More on spam

It’s hard for me to judge if the spam problem really is insurmountable. The evidence of the 1309 messages in my inbox suggests it’s annoying, but not yet an e-mail killer. Then again my address is on our Web site and I’ve found the Lotus Notes R5 mail management rules too cumbersome to be bothered with.

If you accept the clamour from industry heavyweights, analysts, and pollies here and overseas, then spam is the end of the e-mail world, as we know it. This lot is painting a dire scenario that must be tackled on all fronts with weapons of spam destruction like filtering and heuristic systems, punitive legislation and virus/worm/spam stopping services such as MessageLabs.

Jeani Boots, Trend Micro’s “global mistress of spam” (as introduced by local MD Chris Poulos) was in town last week to promote Trend’s new spam-prevention service. She cited Ferris Group stats that claim that in 2003, companies would incur $US10 billion in spam-related costs. A press report has a Gartner analyst saying that "by 2004, unless an enterprise takes defensive action, more than 50 per cent of its message traffic will be spam". At the recent US Federal Trade Commission Spam Forum, Commissioner Orson Swindle declared that "e-mail is the killer app of the Internet, and spam is killing the killer app".

But are things really that bad? At Trend’s spam luncheon I was slightly embarrassed to learn from a peer from a rival publishing company that spam isn’t really a problem where she works. This prompted me to take a casual look at some reviews of personal spam busting products. I gained the impression that stopping 70 to 80 per cent, or more, of spam is easy enough, even if tools such as Spammix for Eudora and Firetrust MailWasher Pro 3 may demand a fine-tuning effort that’s as much hassle as the spam itself. Other tools are reportedly highly effective with less hands-on effort, notably McAfee’s SpamKiller 4 (Version 5 due), Sunbelt Software's IHateSpam for Outlook 3.2 and Cloudmark’s SpamNet 1.0. Recently launched in Sydney for personal protection was the SpamTrap service from new company Messagecare (formed by a group of OzeMail founders). I have no idea how well this service has been received.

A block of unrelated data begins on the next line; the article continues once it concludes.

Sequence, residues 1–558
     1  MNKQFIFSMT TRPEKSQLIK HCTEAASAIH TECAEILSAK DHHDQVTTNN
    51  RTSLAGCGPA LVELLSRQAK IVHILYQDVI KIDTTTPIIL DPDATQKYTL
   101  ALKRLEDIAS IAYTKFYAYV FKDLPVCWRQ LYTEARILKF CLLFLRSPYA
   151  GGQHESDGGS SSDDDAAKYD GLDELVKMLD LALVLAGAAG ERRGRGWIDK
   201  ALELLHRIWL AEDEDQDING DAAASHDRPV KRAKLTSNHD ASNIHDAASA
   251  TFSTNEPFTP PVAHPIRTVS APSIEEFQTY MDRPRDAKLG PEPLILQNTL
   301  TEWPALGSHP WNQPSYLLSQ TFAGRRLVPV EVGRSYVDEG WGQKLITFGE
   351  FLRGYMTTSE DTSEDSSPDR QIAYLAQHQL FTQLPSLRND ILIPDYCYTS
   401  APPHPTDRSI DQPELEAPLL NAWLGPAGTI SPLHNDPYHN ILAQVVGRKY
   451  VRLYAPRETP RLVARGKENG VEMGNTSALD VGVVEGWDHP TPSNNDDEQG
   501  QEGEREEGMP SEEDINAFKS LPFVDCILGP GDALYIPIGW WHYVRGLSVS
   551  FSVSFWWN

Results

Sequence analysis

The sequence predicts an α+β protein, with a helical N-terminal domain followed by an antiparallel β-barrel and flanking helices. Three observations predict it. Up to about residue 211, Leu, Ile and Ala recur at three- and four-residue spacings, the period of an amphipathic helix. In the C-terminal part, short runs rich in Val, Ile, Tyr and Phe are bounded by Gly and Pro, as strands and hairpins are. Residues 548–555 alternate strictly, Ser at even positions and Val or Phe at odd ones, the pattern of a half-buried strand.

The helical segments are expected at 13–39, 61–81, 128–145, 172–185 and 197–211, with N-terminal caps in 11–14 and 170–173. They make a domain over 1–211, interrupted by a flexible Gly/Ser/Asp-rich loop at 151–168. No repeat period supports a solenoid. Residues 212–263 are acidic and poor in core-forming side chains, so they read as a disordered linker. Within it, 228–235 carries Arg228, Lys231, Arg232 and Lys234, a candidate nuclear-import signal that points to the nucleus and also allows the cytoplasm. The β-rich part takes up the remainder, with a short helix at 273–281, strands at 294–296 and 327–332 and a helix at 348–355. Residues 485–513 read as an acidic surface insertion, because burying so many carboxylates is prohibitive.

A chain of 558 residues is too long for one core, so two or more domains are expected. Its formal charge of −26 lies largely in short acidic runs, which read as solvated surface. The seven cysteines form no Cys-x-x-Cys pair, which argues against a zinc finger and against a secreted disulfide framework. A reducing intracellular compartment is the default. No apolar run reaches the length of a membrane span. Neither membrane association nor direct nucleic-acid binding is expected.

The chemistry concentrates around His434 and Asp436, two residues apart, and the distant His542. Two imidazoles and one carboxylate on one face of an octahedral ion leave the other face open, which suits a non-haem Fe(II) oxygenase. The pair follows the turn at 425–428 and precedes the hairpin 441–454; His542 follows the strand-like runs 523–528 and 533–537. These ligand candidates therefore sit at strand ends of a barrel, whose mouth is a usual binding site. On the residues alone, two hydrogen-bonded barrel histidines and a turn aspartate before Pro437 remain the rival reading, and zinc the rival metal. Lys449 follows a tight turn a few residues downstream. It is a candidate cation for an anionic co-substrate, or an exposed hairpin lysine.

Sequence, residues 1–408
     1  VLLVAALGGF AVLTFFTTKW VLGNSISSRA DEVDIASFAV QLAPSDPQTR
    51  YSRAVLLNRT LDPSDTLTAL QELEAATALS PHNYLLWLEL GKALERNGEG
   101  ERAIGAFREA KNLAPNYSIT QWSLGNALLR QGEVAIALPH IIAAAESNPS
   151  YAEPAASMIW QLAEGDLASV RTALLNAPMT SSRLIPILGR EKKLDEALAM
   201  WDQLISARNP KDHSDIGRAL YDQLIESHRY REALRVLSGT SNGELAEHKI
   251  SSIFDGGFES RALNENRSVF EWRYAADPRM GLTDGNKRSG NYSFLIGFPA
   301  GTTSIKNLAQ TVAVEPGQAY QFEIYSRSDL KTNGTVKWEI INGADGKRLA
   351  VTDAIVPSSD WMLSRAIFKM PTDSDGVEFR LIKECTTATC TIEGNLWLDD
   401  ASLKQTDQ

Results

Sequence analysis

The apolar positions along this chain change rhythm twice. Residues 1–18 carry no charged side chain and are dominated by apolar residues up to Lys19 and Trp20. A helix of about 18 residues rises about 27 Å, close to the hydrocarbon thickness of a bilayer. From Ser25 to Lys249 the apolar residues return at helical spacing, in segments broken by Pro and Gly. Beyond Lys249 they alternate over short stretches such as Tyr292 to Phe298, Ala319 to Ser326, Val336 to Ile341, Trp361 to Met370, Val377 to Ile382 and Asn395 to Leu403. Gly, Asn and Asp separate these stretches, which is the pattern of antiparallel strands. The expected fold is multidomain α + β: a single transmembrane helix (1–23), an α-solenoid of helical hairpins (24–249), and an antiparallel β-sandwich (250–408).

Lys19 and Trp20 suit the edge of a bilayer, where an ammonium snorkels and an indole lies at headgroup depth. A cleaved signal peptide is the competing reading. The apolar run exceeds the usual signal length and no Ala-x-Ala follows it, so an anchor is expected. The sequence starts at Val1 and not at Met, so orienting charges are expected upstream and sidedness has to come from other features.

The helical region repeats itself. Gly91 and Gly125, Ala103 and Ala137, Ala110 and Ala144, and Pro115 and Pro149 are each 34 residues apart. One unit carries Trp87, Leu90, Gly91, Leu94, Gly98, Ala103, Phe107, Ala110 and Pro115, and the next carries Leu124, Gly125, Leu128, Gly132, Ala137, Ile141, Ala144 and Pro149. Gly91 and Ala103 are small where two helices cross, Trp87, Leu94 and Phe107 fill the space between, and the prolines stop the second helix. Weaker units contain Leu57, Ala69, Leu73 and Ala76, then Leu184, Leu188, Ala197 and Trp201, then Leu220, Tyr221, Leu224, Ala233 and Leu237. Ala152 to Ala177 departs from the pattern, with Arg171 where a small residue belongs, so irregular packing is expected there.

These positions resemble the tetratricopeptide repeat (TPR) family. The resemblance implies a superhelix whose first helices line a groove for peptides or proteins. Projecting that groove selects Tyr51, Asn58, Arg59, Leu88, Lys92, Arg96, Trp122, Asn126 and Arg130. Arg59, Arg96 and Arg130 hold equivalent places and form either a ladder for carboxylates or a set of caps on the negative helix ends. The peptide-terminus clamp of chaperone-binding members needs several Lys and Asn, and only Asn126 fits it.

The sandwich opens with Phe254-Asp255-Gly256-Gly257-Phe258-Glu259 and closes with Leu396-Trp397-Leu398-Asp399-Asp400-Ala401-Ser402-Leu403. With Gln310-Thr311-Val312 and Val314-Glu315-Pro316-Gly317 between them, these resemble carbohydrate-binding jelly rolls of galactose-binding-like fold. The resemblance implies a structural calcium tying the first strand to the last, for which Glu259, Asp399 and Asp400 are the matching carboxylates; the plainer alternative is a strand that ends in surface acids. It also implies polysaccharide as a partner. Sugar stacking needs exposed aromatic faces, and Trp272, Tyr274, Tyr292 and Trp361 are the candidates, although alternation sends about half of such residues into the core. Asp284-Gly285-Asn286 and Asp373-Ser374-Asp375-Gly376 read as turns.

As good as some of these tools and services are, a busy enterprise end user (like me) is hardly going to have time for too much fine-tuning. More interesting are enterprise offerings that promise to put the problem back into the hands of IT. These include McAfee Security’s SpamKiller, which works with Microsoft Exchange Small Business server. McAfee is a division of Network Associates, which earlier this year acquired Deersoft for its SpamAssassin Pro and SpamAssassin enterprise products. Also on offer is Symantec Antivirus for SMTP Gateways 3.1 which uses heuristics to "score" incoming e-mail that help determine whether it's spam or not. Trend Micro’s antispam engine is licensed from Tokyo-based Postini, and it also performs heuristic analyses of spam message contents and attributes. Sun Belt Software has moved towards the enterprise with its iHateSpam Server Edition (Exchange 2000). Postini, by the way, lists the Sydney area/Australian Eastern seaboard as one of the world’s hot spots for Directory Harvest Attacks. See

Me, I’m embarrassed, but not that annoyed. I’m waiting for the IT manager to fix it for me.

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More about Federal Trade CommissionGartnerMcAfee AustraliaMcAfee SecurityMessageLabsMicrosoftOzEmailSunbelt SoftwareSymantecTrend Micro AustraliaUS Federal Trade Commission

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